Student videos form the assessment for the online NTU Sustainability Certificate. Ellie and Helen will discuss how online video assessment works on the course and how videos made by last year’s course participants are being used to create sustainability-related materials for general teaching purposes. We continue to collate ideas on Padlet: http://padlet.com/amiddlet50/student-video
Exploring the value and use of recorded student presentations – Alex Spiers, Liverpool School of Tropical Medicine
LSTM have recently purchased a site wide licence for Panopto Lecture Capture software and provide all students at the school with an account. Students on the Clinical Challenges in Tropical Medicine course have to work in groups to create, present and record weekly presentations on specific topics using Panopto and Office 365 software. This case study will examine how the video recordings have been used as well as finding out student perceptions of the impact of these tools on their learning experience.
Workshop 2: Using video stories and scenarios for learning in the open – Chrissi Nerantzi, MMU.
The session will look at how videos were incorporated into the pedagogical design of the successful BYOD4L, an open cross-institutional CPD event, and how they were used. We will explore together how video stories and scenarios could be used in your own practice and what the potential benefits are.
Special Focus Parallel Workshops
The Good Practice Exchange – Eleanor Livermore, MMU
discusses creating film resources to promote good academic practice. Eleanor collects interviews with MMU staff about their teaching ideas and projects. http://www.celt.mmu.ac.uk/good_practice/
Get involved!!! Participatory bite-size CPD, cross-institutional examples from practice – Chrissi Nerantzi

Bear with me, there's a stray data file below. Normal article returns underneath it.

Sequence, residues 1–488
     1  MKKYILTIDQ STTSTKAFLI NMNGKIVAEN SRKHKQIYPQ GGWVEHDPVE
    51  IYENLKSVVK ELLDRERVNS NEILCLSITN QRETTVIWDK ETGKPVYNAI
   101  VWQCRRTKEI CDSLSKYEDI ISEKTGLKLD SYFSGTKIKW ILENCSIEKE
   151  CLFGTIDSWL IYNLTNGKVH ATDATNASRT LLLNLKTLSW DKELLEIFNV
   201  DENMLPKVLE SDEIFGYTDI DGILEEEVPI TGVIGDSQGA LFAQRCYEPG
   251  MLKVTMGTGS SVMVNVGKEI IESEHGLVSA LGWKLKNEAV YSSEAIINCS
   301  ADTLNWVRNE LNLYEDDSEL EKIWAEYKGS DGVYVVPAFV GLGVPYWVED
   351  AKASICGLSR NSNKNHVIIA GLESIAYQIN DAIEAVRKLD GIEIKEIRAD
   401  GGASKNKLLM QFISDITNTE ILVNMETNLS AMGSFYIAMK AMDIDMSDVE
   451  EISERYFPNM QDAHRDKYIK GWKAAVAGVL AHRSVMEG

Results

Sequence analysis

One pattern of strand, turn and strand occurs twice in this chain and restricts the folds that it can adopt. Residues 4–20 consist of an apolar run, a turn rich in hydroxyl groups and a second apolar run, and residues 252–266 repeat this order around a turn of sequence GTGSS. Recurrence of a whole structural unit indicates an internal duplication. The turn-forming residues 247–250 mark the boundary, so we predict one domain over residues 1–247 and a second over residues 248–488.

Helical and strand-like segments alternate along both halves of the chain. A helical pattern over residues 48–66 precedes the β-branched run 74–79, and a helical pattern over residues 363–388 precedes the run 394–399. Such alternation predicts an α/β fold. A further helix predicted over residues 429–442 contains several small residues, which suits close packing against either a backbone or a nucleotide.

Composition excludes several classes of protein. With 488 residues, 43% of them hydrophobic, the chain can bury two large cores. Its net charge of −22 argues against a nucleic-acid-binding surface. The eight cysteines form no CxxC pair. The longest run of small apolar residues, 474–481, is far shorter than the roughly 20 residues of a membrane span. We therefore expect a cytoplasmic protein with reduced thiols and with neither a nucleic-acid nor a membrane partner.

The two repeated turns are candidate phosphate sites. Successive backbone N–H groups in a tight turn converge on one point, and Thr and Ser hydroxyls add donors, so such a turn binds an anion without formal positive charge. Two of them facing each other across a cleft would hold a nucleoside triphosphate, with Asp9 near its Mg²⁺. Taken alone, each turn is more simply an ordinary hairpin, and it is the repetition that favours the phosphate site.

Moving on from tutor provided screencast feedback to students producing formative reflective screencasts of their own – Rod Cullen, MMU
For several years I have been using screencasts to provide feedback on formative work on learning design that has a strong visual component. This has been overwhelmingly well received by my students primarily because they find this audio visual format engaging and understandable. I wondered if this might work in reverse and allow my students to explain their thinking and reflect upon their learning designs when they share them with me. I have been pleasantly surprised at how well this can work.
Screencasting for Postgraduate Assessment – Mel Lindley and Nicky Snowdon, Sheffield Hallam University
Post graduate students undertaking one of the distance learning modules within the MSc Advancing Physiotherapy Practice programme were given a choice of formats for their summative task. The majority of students chose to use screencasts to deliver a presentation. This session will discuss how students were supported in developing their submission, the experience of the module team of the marking process and explore issues of parity and student experience.
Being digitally rich, social and creative!
A round up from delegates on what they will take away from the day – 59 people say what they learnt!
MELSIG events are always very well organised and structured, and the content is always of a very high standard, we’re hoping to offer to host an event here at YSJ sometime soon! If you have any questions or comments about any of the presentations from the day then please use the comments section below, or contact TEL@yorksj.ac.uk.